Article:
A sad event has been slowly taking place over the last several weeks. Although we knew it was going to eventually happen, it was still painful to see it occur—the demolition of the first apartment building we lived in as newlyweds 35 years ago. And unlike many painful events in our lives that occur quickly and are then over, this one seemed to drag out the pain for an extended period of time.
The grocery store next door to our high-rise building—the one originally owned by a local family where we used to shop and wheel their shopping cart from their parking lot right into our kitchen for unloading our groceries—had been taken over by a national grocery chain. And wanting to enlarge the store, purchased the high-rise property—our first apartment—with the intention of demolishing it and building a much larger mega store to replace the existing smaller store. For what seemed like months, we would drive by the fenced off vacant apartment building as preparations were made for its eventual destruction. Then one weekend in mid-June when we were down at our condo, we were surprised to find that the demolition had begun.
Knowing that this day would come, my hope had been that the building would be imploded and that it would be gone in the blink of an eye. But their destructive method was to be much more drawn out and thus all the more painful.
My first impression beyond the sadness this scene wrought was that it looked like the scared wound of a terrorist act, an image so common in our world today. Why did they choose to bleed our building slowly knocking the life out of it floor-by-floor and section-by-section? Was this a fitting end to the building where we shared the joys of first growing together as husband and wife? It was a sad emotional state I was in as I turned away from taking these photos and walked back to my car.
My next visit, only one week later, revealed more destruction.
But it seemed that the building was possibly fighting back and giving the workers some trouble.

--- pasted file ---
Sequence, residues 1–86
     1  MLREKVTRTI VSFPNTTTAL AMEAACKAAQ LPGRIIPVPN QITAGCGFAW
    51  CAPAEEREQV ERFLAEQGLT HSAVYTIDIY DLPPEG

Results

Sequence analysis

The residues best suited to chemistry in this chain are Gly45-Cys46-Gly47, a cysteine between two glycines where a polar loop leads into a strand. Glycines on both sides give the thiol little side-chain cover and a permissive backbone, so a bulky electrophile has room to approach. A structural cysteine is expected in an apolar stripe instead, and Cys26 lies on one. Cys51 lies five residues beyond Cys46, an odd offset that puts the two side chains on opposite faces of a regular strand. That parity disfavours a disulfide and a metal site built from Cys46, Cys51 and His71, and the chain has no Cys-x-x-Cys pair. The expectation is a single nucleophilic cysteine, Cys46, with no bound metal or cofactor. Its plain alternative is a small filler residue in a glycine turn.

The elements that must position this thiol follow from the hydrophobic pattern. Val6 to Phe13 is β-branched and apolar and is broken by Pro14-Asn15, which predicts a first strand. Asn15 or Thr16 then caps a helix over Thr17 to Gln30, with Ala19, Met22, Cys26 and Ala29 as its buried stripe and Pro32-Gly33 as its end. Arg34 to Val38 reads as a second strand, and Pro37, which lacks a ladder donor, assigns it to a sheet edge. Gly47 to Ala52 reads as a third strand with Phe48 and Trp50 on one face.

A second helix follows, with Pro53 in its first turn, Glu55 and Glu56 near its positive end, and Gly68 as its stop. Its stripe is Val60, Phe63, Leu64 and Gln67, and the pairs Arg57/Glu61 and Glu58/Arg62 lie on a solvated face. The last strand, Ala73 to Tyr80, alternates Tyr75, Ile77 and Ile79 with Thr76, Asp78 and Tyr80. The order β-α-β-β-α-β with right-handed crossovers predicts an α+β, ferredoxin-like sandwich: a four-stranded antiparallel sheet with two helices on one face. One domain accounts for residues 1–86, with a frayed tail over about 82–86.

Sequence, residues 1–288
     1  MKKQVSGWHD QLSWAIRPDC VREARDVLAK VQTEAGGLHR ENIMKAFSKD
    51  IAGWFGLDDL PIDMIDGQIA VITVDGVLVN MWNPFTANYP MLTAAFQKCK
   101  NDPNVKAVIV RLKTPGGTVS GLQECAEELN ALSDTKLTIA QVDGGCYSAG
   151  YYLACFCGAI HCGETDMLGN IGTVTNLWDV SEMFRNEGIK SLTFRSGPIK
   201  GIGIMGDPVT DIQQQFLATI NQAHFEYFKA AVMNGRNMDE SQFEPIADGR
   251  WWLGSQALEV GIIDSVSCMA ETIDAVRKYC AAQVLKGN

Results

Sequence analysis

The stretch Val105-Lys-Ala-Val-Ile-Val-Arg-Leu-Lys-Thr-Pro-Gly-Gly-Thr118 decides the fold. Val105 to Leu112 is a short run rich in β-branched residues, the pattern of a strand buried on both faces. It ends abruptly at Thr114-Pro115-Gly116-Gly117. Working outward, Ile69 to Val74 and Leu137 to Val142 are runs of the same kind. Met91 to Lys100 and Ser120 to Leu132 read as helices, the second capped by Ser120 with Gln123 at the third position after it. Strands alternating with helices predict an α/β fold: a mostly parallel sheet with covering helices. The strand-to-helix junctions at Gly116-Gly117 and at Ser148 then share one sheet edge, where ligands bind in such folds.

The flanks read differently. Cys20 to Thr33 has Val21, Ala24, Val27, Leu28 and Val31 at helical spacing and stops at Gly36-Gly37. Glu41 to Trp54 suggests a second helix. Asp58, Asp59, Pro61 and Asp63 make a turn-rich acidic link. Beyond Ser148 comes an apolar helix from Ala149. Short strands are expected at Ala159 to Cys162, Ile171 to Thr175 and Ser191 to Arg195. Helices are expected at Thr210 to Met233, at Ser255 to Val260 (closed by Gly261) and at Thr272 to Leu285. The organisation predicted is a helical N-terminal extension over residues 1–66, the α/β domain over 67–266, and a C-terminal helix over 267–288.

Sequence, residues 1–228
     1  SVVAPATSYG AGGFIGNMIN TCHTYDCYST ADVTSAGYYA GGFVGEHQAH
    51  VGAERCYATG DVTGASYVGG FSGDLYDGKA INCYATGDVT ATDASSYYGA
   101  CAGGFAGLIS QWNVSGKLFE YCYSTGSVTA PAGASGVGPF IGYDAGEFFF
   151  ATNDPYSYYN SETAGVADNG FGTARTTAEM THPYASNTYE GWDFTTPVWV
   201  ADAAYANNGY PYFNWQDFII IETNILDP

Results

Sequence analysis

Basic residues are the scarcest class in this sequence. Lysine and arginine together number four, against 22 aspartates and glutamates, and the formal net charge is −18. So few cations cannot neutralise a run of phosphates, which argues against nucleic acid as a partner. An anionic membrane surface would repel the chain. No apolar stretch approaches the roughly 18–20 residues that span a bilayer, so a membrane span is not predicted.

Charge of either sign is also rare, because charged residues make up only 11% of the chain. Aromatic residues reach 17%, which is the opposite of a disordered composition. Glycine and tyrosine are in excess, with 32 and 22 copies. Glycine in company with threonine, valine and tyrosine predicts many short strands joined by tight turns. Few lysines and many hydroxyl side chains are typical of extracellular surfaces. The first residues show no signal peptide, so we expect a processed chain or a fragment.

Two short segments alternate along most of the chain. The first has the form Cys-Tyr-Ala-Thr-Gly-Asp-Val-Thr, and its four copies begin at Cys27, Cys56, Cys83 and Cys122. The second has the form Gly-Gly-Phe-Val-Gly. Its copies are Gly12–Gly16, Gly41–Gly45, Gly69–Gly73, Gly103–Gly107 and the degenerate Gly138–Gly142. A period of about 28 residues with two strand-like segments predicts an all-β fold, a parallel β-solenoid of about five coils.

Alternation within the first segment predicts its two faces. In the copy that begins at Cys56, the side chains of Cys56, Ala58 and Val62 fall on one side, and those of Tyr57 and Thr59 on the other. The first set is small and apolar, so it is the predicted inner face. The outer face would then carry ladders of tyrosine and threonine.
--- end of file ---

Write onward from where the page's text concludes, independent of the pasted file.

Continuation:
One section was almost separated from the main building, maybe proving too strong for the executioner’s crane. The exposed pink, blue, and yellow walls, no doubt the popular bathroom colors of the 60s had probably been reinforced to support the weight of the heavy cast iron tubs. And a week later, this now solitary column stood tall, vigilant as the rest of the building fell away.
But a mere three days later, this noble column, no doubt, a stalwart to the end, had succumbed to its planned fate.
As I shared these latest photos with my wife, the only positive comment that I could make was that our apartment, on the backside of the building, the one on the 7th floor with a balcony beneath the half curved awnings, was still intact.
But a week later, it too was gone.
The following weekend we didn’t make it by to see what was left but the day before I was heading out of town on business, I managed to get by our old residence. It was completely gone.
The workers were accumulating the rubble into piles to be hauled off and a water cannon was blasting the site with water to keep down the dust. It was comforting to note that in spite of the men’s savage destruction of this site, a colorful rainbow had formed over the empty space serving as that century’s old reminder that the visible light that we often take for granted each day, is made up of a hopeful promise—a promise of seven beautiful colors of better times ahead.
I have no more plans to visit the site now that our building is gone. But ironically, since our midtown condo is on the very same street, we’ll no doubt drive past the construction site as we make our way downtown. Eventually, I may be able to shop at that new, larger store built irreverently on the same site. And when I do, I know I will seek out that particular spot in the store that rests on the footprint of our first apartment.
Maybe just maybe, if I am lucky, it will happen to be the beer isle. If so, then maybe I will be able to go home again, holding that cold beer in my hand and imaging us as newlyweds sitting out on our balcony in a cool breeze, drinking a cold beer, eating peanuts, and tossing the empty shells over the side of the balcony all the while watching reruns of the Mary Tyler Moore show on our tiny 13 inch color TV. Maybe I can go home again…